Three Sonoma County trails to inspire gratitude and introspection
By Regional Parks staff
Taking to the trails is an opportunity to find gratitude in the beauty of the outdoors and prioritize your mental and physical well-being. The diversity of Sonoma County’s regional parks ensures that you’ll find trails suitable for all skill levels and preferences and the perfect place to gain perspective on what matters.
How to do a “gratitude hike” (or ride) anywhere
The three routes below are meant to spark inspiration, but you can plan your own gratitude hike anywhere. Just choose a favorite trail, and as you walk or ride, take moments to reflect on the things you're thankful for, letting the landscapes inspire you. Pause for some deep breathing or close your eyes for a brief mediation; consider bringing a journal to jot down your thoughts. As always, wear sturdy footwear, carry water, follow park rules, and leave no trace to preserve these natural spaces for everyone to enjoy.
Three Sonoma County trails we're thankful for
Valley of the Moon Trail at Sonoma Valley Regional Park
Distance: About 3 miles out and back
Difficulty: Easy; paved
The Valley of the Moon Trail is the main trail in Sonoma Valley Regional Park in Glen Ellen. With its relatively flat terrain and gentle inclines, it's a perfect trail for those seeking a mellow outdoor experience.
Starting at the main parking lot, the Valley of the Moon Trail guides you through oak woodlands and meadows. The palette of the landscape changes with the seasons, offering bright wildflowers in spring and golden leaves with hanging lichen in the fall. A shallow creek flows along the trail in winter and spring. Listen to the rustling leaves and bird songs and stop at one of the benches along the trail to rest or journal. At about 1.5 miles, the trail ends at Arnold Drive, where you simply turn around to return to the parking lot. There is a picnic area near the main parking lot, making it a great place to enjoy a lunch afterwards.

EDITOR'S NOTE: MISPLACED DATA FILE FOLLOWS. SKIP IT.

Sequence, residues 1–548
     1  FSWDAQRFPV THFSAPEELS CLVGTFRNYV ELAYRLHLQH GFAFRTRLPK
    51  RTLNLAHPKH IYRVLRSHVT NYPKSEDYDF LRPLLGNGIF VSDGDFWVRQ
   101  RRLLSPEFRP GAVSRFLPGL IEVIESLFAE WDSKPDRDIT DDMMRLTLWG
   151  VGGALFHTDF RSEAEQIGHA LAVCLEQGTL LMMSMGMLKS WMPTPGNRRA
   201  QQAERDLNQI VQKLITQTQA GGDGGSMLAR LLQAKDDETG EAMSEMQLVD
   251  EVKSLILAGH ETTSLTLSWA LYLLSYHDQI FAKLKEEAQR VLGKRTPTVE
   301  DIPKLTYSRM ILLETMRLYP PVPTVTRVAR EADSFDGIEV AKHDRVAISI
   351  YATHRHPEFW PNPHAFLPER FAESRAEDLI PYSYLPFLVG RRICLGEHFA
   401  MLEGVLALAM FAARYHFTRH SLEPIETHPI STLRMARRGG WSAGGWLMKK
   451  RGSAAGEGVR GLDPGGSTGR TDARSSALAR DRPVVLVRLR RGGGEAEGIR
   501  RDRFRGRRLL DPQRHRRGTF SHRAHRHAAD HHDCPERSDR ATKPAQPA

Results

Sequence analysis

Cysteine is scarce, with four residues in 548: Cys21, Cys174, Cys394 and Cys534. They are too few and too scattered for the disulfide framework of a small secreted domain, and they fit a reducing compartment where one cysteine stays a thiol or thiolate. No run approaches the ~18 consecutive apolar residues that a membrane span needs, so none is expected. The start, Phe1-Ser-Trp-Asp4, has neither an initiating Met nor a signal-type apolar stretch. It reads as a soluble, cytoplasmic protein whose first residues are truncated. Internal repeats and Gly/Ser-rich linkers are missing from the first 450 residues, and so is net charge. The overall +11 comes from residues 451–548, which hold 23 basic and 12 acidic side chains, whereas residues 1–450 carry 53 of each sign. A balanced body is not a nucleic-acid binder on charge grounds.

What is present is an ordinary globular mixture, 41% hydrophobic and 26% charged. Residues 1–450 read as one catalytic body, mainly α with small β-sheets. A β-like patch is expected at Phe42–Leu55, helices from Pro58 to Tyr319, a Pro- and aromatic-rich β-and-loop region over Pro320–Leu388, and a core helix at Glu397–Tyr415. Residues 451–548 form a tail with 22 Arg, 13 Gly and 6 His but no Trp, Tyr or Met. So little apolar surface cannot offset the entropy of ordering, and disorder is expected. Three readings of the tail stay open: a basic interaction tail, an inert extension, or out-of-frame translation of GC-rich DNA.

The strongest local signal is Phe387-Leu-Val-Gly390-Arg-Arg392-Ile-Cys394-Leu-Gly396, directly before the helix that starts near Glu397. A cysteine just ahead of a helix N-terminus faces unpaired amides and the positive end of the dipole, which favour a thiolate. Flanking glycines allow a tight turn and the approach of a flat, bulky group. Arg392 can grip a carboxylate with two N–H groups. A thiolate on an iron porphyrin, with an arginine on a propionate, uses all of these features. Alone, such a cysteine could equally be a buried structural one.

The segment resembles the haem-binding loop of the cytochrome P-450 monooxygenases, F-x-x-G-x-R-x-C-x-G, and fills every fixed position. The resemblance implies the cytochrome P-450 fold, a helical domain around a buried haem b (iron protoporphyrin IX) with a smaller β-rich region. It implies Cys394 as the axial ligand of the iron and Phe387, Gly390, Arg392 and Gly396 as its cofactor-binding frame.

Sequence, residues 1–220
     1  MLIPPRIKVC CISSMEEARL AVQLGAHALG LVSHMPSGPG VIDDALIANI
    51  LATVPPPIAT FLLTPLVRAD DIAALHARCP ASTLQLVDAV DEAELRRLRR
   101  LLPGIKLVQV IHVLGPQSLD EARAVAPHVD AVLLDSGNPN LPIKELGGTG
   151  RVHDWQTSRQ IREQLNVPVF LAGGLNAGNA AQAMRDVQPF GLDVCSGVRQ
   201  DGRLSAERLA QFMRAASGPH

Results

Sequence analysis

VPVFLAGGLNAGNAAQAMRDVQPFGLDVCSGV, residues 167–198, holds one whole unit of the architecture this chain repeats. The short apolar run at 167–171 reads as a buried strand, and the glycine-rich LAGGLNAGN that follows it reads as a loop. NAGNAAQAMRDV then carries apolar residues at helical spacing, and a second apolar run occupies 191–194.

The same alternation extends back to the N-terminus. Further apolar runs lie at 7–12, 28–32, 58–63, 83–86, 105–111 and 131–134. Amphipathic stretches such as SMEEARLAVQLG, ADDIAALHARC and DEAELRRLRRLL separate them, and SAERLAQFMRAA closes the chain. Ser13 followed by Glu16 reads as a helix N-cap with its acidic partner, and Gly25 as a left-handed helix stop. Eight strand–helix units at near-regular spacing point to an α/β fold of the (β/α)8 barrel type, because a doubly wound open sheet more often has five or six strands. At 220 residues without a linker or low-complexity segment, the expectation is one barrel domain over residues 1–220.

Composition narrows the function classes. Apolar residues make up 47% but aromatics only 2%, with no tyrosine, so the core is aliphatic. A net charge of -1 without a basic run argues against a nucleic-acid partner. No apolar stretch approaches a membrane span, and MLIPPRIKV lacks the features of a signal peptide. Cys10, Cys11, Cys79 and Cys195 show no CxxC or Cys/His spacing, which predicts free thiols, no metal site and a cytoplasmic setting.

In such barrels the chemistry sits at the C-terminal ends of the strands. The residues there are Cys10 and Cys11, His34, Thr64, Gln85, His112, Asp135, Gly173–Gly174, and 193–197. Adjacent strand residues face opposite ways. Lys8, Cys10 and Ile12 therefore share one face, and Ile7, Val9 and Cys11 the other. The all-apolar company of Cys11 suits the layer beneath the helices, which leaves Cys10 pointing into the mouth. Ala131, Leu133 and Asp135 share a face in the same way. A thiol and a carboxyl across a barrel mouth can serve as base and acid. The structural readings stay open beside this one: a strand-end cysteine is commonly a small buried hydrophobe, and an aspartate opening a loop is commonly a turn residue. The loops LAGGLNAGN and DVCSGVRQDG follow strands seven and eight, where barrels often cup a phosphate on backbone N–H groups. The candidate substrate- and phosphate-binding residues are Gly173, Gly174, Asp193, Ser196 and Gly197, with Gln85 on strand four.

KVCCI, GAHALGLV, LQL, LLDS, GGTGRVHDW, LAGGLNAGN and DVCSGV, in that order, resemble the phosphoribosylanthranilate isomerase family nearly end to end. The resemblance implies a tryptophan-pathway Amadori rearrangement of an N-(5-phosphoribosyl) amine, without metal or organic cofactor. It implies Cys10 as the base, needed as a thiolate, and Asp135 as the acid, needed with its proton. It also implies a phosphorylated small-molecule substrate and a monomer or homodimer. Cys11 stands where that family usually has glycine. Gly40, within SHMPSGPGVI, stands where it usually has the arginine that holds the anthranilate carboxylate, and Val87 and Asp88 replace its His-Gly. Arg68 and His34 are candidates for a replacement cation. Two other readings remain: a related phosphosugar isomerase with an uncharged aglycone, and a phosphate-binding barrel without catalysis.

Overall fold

Overlook Trail at Helen Putnam Regional Park
Distance: About 2 miles (round trip)
Difficulty: Moderate, dirt or paved
There are several ways to reach Helen Putnam Regional Park's scenic “Overlook Point”, which on a clear day provides panoramic views of Petaluma and the surrounding countryside. This is a quiet spot to contemplate past and future accomplishments and hold space for gratitude.
If you enjoy the charm of traversing switchbacks, with expansive views peeking through strands of oaks, start from the Windsor Drive parking lot. If you favor a gentler ascent, park at the Chileno Valley Road lot, where the paved section of the Ridge Trail is more gradual and perfect for the wet season when dirt trails turn muddy.
From the Windsor Drive parking lot: The West Wind Trail leads you along several switchbacks to the crossroads with Filaree and Pomo trails. Take Filaree Trail, which winds .4 miles to the Ridge Trail, and then take a short spur to Overlook Point where a bench provides a spot to take in the view. Return by retracing your steps or connect with another trail to make a longer loop (see the map).
From the Chileno Valley Drive parking lot: The paved section of the Ridge Trail begins just past the restrooms, gently ascending with views of rolling pastures and hills. After about a half mile, the trail passes Cattail Pond, a lovely spot for a picnic or a moment of reflection. Continue your climb for another .6 miles to reach Filaree Trail and take the short, unpaved spur trail to Overlook Point. Pause here to soak in the scenery and take a moment for reflection and gratitude. Return by retracing your steps or connect with another trail to make a longer loop (see the map).